Maintain a high-quality, low-calorie food for your Swissy puppy to prevent them from developing too quickly. Wait until they are at least two years old and have fully developed joints before allowing them to jump frequently, run and play on hard surfaces like pavement, or lift weights. Both common playground activities and puppy agility training are acceptable.
The Swissy has to be socialized, or trained to be sociable to other dogs and humans, from an early age, just like every other dog. The best ways to socialize and train your Swissy are puppy school and obedience lessons.
Every week, you should examine their ears for redness or an unpleasant smell that might be an infection. To help avoid infections, clean your dog’s ears when you examine them using a cotton ball soaked with a mild, pH-balanced ear cleanser. Simply wipe the outer ear; avoid inserting anything into the ear canal.
Greater Swiss Mountain Dog Exercise
The Greater Swiss Mountain Dog requires moderate exercise. A walk around the block or a romp in the woods generally will satisfy their daily exercise needs. This breed is much better suited for the person looking for a hiking companion than the person wanting a bicycling or marathon-running partner.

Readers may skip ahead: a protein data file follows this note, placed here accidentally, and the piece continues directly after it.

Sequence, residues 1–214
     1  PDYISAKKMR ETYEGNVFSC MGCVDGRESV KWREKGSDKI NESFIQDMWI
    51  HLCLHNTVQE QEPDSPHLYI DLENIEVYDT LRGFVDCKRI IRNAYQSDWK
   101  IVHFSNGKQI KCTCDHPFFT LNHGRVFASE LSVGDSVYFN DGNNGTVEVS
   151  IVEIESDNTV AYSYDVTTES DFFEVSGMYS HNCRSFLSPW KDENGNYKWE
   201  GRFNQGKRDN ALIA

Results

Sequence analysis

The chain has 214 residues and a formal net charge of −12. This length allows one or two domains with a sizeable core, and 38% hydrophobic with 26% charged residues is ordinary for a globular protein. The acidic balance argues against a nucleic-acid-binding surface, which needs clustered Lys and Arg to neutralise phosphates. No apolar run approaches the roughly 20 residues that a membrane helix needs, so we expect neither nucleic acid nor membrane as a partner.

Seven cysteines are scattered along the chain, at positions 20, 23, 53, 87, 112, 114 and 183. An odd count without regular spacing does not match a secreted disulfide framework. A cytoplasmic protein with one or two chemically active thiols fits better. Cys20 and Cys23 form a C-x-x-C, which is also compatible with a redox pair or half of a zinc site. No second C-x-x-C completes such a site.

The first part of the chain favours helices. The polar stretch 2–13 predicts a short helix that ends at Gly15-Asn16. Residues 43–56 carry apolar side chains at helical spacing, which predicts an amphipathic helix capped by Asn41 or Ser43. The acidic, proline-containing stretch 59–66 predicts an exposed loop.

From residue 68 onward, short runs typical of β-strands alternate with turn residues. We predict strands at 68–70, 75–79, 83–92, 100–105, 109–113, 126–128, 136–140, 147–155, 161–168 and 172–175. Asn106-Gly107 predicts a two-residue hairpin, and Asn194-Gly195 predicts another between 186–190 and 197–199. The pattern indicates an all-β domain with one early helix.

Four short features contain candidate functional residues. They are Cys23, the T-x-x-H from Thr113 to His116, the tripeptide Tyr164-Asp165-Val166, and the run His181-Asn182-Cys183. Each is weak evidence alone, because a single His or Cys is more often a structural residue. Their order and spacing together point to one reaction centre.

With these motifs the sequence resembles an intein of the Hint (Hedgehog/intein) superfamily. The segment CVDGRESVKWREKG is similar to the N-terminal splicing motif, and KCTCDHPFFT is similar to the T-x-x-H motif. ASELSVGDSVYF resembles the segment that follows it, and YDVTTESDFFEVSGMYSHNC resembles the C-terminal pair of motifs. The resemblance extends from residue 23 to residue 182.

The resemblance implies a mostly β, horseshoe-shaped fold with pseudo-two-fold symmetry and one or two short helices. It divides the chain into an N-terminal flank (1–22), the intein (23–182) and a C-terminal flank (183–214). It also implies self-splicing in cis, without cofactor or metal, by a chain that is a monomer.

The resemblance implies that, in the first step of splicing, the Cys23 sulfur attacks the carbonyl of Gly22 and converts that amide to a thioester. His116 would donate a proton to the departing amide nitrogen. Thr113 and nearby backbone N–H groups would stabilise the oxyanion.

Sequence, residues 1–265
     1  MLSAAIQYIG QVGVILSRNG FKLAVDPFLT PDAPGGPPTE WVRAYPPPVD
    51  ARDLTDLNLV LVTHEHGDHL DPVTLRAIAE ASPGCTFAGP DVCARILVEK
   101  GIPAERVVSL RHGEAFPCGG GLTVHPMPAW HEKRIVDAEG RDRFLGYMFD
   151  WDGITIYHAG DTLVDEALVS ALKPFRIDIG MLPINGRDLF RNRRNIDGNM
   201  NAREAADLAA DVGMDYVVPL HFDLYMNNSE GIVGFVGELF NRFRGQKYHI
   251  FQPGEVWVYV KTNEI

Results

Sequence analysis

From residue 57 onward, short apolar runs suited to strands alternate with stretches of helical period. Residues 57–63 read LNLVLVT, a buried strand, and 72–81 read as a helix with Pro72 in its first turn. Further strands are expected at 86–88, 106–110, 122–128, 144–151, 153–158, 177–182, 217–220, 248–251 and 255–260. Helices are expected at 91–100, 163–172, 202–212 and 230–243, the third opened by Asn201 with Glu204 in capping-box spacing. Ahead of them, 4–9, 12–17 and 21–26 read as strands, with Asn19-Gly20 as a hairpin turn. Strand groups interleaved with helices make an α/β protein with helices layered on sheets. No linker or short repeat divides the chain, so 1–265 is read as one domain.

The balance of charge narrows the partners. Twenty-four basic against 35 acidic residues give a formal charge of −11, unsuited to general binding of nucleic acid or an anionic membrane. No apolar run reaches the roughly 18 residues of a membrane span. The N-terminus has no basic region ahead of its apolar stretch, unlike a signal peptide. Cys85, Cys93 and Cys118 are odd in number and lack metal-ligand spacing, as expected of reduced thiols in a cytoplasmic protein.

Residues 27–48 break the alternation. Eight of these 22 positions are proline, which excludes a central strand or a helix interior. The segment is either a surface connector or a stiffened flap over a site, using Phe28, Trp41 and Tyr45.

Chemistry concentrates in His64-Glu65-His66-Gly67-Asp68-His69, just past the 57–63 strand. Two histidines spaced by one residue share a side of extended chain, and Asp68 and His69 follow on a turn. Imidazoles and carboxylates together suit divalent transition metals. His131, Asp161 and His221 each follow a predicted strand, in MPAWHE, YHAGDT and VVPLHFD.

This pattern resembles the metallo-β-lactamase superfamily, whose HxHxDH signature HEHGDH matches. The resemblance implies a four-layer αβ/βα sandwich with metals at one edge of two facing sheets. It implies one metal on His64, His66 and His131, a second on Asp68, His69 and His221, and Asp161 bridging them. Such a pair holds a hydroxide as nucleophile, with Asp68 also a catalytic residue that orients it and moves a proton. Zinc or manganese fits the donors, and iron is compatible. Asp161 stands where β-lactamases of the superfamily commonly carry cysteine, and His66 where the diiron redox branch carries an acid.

Greater Swiss Mountain Dogs have plenty of energy and will enjoy 30 minutes of walking a day. They love the Great Outdoors, so include them on hikes or long walks in nature. However, they’re not suited for jogging. This working breed was originally used by farmers, herdsmen and merchants and was bred for a variety of tasks, including guarding and drafting (pulling carts). Swissies have a 3,000-pound pulling capacity! Dog sports including drafting, weight hauling, herding, agility, dock diving, conformity (dog shows), and more can benefit from their abilities. They’re willing to do anything if it means spending more time with you. Check with your veterinarian to make sure your dog is physically fit and capable of the exercise before you give it a try.